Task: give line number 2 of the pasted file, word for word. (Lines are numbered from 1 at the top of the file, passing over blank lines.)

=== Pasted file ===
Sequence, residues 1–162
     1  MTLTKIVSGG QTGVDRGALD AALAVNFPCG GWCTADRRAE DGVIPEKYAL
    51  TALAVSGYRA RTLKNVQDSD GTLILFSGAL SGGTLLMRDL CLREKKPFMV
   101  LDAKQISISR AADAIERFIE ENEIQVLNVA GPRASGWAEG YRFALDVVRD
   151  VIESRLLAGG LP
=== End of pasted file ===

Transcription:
     1  MTLTKIVSGG QTGVDRGALD AALAVNFPCG GWCTADRRAE DGVIPEKYAL